Lipophilic statins induce apoptosis of human vascular smooth muscle cells

Carlos Guijarro, Luis Miguel Blanco-Colio, Ziad A. Massy, Michael P. O'Donnell, Bertram L. Kasiske, William F. Keane, Jesús Egido

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45 Scopus citations


Background. The accumulation of vascular smooth muscle cells (VSMC) in the intima is an early feature of atherosclerosis that results from a balance of migration from the media, proliferation, an eventual death (including programmed cell death) of VSMC. Several reports have described that HMG-CoA reductase inhibitors (statins) attenuate both the migration and proliferation of VSMC. However, the potential effect of statins on VSMC programmed cell death has received little attention. Methods. Human and rat VSMC were incubated with different concentration of statins in the presence of fetal bovine serum as a survival factor. The presence of apoptosis was evaluated by morphological criteria, flow cytometry and DNA electrophoresis. Results. Lipophilic statins induced, in a dose-dependent manner the appearance of VSMC apoptosis. The effect of statins was fully reversed by mevalonate, farnesylpyrophosphate, and geranylgeranypyrophosphate, but not by cholesterol or other mevalonate metabolites, suggesting a role for isoprenoids in VSMC apoptosis. In addition, the induction of apoptosis by statins was associated with the inhibition of prenylation of Rho B. Conclusions. The present results suggest that protein prenylation inhibition by statins may be involved in statin-induced VSMC apoptosis. These data provide a new potential mechanism by which statins may modulate the evolution of atherosclerotic lesions.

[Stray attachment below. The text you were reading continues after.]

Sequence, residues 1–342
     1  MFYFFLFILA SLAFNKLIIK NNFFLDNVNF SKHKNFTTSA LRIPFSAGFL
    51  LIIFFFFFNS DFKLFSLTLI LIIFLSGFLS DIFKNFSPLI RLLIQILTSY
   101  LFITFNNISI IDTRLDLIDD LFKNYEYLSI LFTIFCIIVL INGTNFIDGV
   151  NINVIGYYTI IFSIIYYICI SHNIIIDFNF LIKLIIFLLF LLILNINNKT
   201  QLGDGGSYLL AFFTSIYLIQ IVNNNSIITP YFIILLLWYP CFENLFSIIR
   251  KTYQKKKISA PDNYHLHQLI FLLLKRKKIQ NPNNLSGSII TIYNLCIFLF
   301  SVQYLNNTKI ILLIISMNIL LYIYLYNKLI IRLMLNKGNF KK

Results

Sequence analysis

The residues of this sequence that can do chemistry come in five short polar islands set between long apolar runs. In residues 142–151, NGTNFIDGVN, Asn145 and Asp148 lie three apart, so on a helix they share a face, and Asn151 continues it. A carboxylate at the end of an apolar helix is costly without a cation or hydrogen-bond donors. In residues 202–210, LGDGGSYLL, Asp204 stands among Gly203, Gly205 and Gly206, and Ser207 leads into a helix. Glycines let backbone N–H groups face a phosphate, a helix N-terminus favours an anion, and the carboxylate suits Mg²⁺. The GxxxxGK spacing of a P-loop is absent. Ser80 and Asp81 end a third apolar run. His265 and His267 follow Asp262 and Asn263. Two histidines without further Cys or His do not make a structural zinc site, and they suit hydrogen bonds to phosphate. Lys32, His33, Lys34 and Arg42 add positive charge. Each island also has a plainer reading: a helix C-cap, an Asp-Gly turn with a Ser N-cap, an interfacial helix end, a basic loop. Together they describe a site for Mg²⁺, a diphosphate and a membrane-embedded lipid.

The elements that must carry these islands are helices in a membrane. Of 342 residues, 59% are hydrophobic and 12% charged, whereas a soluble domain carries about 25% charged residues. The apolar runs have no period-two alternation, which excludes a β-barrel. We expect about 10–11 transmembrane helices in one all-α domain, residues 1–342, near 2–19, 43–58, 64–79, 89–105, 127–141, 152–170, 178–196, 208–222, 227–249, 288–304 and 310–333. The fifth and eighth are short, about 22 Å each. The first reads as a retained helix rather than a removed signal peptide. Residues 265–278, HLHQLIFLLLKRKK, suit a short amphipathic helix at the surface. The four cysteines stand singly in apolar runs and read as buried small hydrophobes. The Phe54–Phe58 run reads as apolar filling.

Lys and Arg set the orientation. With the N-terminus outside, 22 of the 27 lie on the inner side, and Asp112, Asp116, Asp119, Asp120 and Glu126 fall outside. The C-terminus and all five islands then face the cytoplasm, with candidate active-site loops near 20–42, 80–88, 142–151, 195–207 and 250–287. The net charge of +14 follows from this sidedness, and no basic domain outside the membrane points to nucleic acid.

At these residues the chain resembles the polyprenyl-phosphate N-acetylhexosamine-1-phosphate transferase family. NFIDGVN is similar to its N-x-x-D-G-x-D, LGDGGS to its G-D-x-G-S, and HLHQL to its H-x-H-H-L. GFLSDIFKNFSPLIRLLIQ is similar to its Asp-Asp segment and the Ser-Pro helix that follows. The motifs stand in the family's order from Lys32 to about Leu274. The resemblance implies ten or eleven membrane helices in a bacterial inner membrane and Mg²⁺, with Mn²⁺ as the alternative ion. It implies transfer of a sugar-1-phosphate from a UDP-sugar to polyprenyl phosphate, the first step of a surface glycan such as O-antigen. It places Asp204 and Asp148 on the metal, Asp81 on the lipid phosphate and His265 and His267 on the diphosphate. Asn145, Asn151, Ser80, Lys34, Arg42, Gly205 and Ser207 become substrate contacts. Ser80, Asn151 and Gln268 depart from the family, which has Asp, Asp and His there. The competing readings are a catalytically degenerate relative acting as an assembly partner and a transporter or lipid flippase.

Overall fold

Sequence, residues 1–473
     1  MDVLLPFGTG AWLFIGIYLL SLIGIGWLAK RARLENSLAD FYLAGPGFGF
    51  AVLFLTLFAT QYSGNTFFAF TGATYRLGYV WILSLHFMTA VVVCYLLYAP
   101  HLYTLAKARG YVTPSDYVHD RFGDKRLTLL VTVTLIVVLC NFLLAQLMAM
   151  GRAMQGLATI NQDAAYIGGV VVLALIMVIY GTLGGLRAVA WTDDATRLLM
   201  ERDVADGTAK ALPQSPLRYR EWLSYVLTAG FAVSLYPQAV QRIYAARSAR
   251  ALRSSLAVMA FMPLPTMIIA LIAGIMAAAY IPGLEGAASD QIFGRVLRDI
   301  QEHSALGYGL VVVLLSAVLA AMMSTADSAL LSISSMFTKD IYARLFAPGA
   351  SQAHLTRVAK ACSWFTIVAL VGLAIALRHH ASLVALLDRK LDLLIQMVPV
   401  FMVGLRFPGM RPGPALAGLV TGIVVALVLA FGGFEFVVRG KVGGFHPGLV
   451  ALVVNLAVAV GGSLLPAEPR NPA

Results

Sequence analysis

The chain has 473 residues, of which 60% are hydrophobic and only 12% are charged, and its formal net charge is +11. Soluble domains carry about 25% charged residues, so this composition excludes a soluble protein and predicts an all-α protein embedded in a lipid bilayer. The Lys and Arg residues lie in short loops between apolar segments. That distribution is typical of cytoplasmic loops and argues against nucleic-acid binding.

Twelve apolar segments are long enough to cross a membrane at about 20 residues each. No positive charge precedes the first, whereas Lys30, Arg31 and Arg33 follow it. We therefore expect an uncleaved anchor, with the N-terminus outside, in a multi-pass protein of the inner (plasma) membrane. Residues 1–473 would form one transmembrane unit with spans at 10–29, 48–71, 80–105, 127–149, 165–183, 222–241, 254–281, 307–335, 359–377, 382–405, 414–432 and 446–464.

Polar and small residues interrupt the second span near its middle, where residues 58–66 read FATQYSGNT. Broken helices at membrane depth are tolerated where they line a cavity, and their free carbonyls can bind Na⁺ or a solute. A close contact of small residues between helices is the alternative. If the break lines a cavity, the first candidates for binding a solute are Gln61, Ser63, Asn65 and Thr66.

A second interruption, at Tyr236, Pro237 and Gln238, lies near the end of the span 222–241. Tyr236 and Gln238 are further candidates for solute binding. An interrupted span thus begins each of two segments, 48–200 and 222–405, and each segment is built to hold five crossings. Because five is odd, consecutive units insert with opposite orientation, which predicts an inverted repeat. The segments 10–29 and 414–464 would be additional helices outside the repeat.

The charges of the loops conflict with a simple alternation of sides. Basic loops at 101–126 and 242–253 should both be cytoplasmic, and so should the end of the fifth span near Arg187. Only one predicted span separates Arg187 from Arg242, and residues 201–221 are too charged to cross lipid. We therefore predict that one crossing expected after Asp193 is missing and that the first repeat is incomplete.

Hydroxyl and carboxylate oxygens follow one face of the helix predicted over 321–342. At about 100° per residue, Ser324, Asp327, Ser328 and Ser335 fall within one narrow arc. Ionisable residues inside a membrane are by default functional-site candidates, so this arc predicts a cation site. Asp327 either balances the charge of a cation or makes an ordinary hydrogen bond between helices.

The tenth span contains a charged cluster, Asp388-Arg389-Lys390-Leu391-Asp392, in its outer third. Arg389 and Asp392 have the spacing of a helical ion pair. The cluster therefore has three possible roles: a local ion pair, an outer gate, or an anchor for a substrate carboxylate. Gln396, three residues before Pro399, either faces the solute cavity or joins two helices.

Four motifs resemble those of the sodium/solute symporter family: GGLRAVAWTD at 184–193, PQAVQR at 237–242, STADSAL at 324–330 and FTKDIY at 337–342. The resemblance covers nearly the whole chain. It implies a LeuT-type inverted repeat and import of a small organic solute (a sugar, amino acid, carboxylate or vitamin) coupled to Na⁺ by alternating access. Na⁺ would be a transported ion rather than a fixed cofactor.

Original languageEnglish (US)
Pages (from-to)S-88-S-91
JournalKidney International, Supplement
Issue number71
StatePublished - 1999
Externally publishedYes


  • Atherosclerosis
  • Cell death
  • HMG-CoA reductase inhibitors
  • Mevalonate
  • Protein isoprenylation


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